New FASEB president starts term
© BioMed Central Ltd 2003
Published: 30 June 2003
The Federation of American Societies for Experimental Biology (FASEB) today (June 30) outlined its agenda for the upcoming year as its new president, Robert D. Wells, took office. Wells, director of the Center for Genome Research at the Institute of Biosciences and Technology at Texas A&M University, took over for Washington University immunologist Steven Teitlbaum, who will remain active for FASEB as "past president." Wells has been serving as FASEB's president-elect for the past year.
Among FASEB's objectives, Wells told us, is making advocacy for the National Science Foundation (NSF) more of a priority. FASEB wants a doubling of the NSF budget in the next 5 years and a budget increase in fiscal year (FY) 2004 consistent with that doubling. Although President Bush signed an authorization bill late last year that put the NSF on track for a funding increase from the FY 2002 level of $4.79 billion to $9.84 billion in FY 2007, the current increase sought in the president's FY 2004 budget is only about 9%.
Wells himself has been a long-time recipient of both NSF and National Institutes of Health (NIH) grants for his research on the role of triplet DNA base repeats in hereditary disease.
Increasing the NIH budget will continue to be a major priority. FASEB has been pushing for an increase of 10%, rather than the 2 to 4% currently allocated for FY 2004. "If we go through one or two or three years of no increase, we're back to where we started," says Wells.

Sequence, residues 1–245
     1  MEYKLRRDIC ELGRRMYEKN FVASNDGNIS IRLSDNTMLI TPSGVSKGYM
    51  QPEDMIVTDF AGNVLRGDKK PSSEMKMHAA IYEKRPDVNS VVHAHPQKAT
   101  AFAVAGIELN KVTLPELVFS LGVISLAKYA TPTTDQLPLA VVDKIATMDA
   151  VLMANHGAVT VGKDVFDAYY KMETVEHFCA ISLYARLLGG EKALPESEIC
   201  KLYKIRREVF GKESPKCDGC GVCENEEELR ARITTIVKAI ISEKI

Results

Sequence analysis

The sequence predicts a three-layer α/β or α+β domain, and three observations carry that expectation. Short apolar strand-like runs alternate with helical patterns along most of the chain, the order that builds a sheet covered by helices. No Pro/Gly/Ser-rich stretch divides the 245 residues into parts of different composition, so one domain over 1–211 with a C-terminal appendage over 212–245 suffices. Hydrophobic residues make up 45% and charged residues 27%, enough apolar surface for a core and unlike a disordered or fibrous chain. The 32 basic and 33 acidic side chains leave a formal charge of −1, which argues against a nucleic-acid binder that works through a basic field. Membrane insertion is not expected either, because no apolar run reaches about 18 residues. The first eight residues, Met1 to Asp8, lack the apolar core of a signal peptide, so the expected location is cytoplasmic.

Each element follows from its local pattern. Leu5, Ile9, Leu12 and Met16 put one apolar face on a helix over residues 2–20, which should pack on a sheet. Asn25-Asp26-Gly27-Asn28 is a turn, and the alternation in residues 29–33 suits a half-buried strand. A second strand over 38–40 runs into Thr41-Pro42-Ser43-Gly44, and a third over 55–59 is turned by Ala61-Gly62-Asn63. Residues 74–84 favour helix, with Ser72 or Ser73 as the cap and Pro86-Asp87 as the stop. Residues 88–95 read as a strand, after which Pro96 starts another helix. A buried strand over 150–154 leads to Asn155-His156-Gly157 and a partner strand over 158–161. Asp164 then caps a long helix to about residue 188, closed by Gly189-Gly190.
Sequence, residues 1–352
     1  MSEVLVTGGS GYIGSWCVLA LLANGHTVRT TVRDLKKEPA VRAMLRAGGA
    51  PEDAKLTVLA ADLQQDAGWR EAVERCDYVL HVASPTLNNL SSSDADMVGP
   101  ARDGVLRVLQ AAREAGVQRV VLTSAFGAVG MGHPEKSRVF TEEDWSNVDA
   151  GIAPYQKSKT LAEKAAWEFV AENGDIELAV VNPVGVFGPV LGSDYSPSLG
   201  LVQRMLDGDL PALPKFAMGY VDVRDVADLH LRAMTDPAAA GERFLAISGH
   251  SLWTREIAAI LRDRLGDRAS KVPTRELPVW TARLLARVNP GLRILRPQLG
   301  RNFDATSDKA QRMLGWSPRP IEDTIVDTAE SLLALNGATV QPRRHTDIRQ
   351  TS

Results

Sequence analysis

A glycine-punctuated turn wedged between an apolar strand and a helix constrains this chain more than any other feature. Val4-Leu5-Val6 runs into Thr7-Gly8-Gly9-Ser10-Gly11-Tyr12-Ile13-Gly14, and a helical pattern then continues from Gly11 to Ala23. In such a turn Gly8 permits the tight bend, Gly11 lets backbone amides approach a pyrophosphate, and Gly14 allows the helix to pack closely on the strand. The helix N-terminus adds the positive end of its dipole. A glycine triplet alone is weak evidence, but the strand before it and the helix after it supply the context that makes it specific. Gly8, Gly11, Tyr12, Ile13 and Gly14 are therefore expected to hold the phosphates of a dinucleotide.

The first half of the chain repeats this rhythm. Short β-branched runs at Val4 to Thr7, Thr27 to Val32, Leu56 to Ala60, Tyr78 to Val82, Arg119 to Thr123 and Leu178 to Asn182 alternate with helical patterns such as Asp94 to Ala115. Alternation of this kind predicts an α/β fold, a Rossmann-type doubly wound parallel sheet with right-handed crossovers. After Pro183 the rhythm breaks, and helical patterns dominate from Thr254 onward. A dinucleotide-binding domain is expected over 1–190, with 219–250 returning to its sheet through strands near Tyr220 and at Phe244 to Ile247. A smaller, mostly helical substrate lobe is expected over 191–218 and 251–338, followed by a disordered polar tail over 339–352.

Wells, who served as president of the American Society for Biochemistry and Molecular Biology from 2000 to 2002, first became interested in science research advocacy in the 1980s. While a professor at the University of Alabama, he saw a large training grant for disease research go unfunded because of a reallocation of NIH resources. He responded by helping to organize a grassroots protest; he also took his case to Washington, where he started to gain insight into the political and science advocacy process.
The new FASEB president said he plans to further the umbrella organization's agenda by strengthening its partnerships with as many as 15 societies and advocacy groups. He noted, for example, that FASEB will cooperate with the American Chemical Society (ACS) in the fight for an NSF budget increase and will work with the ACS to ensure that the massive amounts of money allocated for bioterrorism research are well spent. FASEB also plans to work with the Society for Neuroscience to advocate in favor of stem cell research.
Wells added that he will continue to focus FASEB's attention on issues including the peer review system, animal research, stem cell research, and "manpower issues," such as the impact of visa regulations.
A new FASEB president-elect, Paul Kincade, also begins his term today. Kincade heads the immunobiology and cancer program at the Oklahoma Medical Research Foundation, where he is also the chair of biomedical research.
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